The second secession

Even India's poor now feel their rights as consumers are higher than as citizens. India is now banging against the limits of a flailing state

My parents retired to live in Kanpur, where people joke that a phone call can get you delicious boondi ladoos in 15 minutes, and a hot pizza in 30 minutes, but an ambulance takes an hour, and the police, two hours. Kanpur's fastest growing industries are bottled water, private security guards, diesel generators and low-cost private schools. The rich and middle class had "seceded" from India's public goods many years ago; the poor are now joining them in paying something to avoid something that is free. Why?

I make the case that this is because even India's poor now feel that their rights as consumers are higher than their rights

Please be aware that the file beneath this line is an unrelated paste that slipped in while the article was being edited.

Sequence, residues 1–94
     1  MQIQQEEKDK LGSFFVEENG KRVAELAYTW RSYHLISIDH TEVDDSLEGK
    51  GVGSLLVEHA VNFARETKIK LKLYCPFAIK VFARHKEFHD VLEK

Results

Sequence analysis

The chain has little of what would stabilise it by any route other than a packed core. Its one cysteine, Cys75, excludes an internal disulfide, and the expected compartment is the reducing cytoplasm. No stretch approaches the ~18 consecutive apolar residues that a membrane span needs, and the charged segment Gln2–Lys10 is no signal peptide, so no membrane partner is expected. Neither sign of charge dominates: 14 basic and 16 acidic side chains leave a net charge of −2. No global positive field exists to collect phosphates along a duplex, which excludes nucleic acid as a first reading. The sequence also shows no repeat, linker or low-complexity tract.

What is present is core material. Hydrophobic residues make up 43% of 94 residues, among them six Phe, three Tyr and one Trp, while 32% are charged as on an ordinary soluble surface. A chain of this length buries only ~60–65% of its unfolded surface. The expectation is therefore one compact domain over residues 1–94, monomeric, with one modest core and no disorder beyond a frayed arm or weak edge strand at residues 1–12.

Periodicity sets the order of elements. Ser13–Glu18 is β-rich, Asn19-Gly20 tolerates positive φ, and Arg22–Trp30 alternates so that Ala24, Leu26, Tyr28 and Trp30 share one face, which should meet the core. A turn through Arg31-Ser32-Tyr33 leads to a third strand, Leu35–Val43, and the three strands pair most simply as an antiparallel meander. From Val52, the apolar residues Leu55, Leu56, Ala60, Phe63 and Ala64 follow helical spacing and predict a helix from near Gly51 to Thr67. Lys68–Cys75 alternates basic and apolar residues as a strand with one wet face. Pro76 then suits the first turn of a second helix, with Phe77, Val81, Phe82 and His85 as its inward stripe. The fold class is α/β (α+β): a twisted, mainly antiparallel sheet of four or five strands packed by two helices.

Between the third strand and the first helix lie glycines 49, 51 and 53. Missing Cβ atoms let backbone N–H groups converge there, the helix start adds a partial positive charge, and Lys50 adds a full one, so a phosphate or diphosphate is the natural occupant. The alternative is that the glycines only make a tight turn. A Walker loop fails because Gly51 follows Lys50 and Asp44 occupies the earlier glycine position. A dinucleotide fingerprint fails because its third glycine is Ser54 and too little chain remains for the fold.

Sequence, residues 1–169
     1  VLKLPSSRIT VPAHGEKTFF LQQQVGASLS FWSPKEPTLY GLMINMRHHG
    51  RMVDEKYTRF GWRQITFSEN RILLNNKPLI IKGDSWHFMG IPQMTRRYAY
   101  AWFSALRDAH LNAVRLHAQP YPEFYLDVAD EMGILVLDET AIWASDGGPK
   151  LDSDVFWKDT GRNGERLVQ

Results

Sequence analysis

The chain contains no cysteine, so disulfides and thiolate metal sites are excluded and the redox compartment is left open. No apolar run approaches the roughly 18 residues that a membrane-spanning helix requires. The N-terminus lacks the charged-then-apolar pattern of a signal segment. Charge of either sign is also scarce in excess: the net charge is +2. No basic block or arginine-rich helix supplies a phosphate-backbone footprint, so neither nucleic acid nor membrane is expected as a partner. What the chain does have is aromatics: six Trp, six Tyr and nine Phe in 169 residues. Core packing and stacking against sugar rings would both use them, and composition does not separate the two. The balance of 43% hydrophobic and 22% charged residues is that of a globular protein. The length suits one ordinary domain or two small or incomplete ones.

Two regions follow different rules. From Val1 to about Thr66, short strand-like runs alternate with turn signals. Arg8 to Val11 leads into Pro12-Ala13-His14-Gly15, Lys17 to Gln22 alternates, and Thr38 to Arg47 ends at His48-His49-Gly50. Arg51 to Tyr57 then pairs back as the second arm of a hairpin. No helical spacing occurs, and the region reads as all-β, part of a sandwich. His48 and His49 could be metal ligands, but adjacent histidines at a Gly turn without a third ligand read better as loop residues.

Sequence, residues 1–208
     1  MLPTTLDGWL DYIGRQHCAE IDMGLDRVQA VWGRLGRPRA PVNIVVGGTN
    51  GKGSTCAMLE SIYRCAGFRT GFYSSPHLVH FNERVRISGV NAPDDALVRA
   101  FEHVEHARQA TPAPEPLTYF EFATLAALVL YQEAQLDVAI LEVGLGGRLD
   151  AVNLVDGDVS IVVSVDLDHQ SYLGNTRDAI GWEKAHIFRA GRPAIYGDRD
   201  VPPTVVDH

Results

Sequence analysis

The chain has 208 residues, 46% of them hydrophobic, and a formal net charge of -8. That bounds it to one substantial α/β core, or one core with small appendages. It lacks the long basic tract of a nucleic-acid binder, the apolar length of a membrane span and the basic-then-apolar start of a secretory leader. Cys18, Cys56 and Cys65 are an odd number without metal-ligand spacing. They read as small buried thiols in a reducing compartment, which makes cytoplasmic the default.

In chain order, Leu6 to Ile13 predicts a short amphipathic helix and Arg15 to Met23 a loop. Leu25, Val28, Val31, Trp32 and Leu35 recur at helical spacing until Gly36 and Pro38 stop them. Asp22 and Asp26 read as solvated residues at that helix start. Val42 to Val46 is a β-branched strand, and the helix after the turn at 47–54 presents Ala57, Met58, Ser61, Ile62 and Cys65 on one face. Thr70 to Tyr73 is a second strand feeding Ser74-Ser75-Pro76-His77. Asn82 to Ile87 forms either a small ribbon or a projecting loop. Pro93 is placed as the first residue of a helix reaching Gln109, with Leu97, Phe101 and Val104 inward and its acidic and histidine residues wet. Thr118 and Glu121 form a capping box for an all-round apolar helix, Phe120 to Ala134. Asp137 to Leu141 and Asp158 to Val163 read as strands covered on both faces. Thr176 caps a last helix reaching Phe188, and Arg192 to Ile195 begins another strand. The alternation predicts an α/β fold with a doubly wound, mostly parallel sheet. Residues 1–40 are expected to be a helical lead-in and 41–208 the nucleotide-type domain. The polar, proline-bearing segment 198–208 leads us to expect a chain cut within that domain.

as citizens. So, a mediocre private school is better than a free government school, because parents can demand teacher attendance. A private security guard may be poorly trained and dressed, but he has a whistle, waistline below 40 inches, and can be fired. Cheap power is a nice promise, but no power is the most expensive power. And drinking bottled water avoids lost workdays and expensive private healthcare. But these low expectations from the state are silly, dysfunctional and unsustainable. In fact, many of us in the private sector need to apologise for believing that "the grass grows at night while the government sleeps", because the notion that the best state for job creation and poverty reduction is an invisible state is wrong; Waziristan in Pakistan and SWAT valley in Afghanistan have no state and they are not exactly hotbeds of entrepreneurship and prosperity. India is now banging against the limits of a flailing state. Lant Pritchett of the Kennedy School of Government at Harvard calls the malfunctioning Indian state "one of the world's top 10 biggest problems — of the order of AIDS and climate change".

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